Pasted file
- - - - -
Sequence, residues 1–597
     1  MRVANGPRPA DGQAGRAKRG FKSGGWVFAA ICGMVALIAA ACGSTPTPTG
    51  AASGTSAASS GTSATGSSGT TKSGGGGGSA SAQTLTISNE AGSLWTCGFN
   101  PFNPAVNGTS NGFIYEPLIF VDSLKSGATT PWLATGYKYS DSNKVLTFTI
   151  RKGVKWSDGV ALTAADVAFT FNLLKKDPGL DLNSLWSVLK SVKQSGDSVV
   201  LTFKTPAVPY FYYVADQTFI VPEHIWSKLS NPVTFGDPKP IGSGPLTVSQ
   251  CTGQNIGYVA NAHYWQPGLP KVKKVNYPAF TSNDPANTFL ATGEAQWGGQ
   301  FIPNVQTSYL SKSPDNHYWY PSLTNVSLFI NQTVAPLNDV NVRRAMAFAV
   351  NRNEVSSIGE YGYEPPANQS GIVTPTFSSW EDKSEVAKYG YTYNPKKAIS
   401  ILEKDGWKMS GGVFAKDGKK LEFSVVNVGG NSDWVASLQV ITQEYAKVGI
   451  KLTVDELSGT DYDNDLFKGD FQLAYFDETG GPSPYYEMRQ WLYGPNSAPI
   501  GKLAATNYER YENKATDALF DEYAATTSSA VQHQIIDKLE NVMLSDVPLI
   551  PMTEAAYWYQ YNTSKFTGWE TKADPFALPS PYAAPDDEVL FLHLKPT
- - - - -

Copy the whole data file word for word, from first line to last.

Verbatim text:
Sequence, residues 1–597
     1  MRVANGPRPA DGQAGRAKRG FKSGGWVFAA ICGMVALIAA ACGSTPTPTG
    51  AASGTSAASS GTSATGSSGT TKSGGGGGSA SAQTLTISNE AGSLWTCGFN
   101  PFNPAVNGTS NGFIYEPLIF VDSLKSGATT PWLATGYKYS DSNKVLTFTI
   151  RKGVKWSDGV ALTAADVAFT FNLLKKDPGL DLNSLWSVLK SVKQSGDSVV
   201  LTFKTPAVPY FYYVADQTFI VPEHIWSKLS NPVTFGDPKP IGSGPLTVSQ
   251  CTGQNIGYVA NAHYWQPGLP KVKKVNYPAF TSNDPANTFL ATGEAQWGGQ
   301  FIPNVQTSYL SKSPDNHYWY PSLTNVSLFI NQTVAPLNDV NVRRAMAFAV
   351  NRNEVSSIGE YGYEPPANQS GIVTPTFSSW EDKSEVAKYG YTYNPKKAIS
   401  ILEKDGWKMS GGVFAKDGKK LEFSVVNVGG NSDWVASLQV ITQEYAKVGI
   451  KLTVDELSGT DYDNDLFKGD FQLAYFDETG GPSPYYEMRQ WLYGPNSAPI
   501  GKLAATNYER YENKATDALF DEYAATTSSA VQHQIIDKLE NVMLSDVPLI
   551  PMTEAAYWYQ YNTSKFTGWE TKADPFALPS PYAAPDDEVL FLHLKPT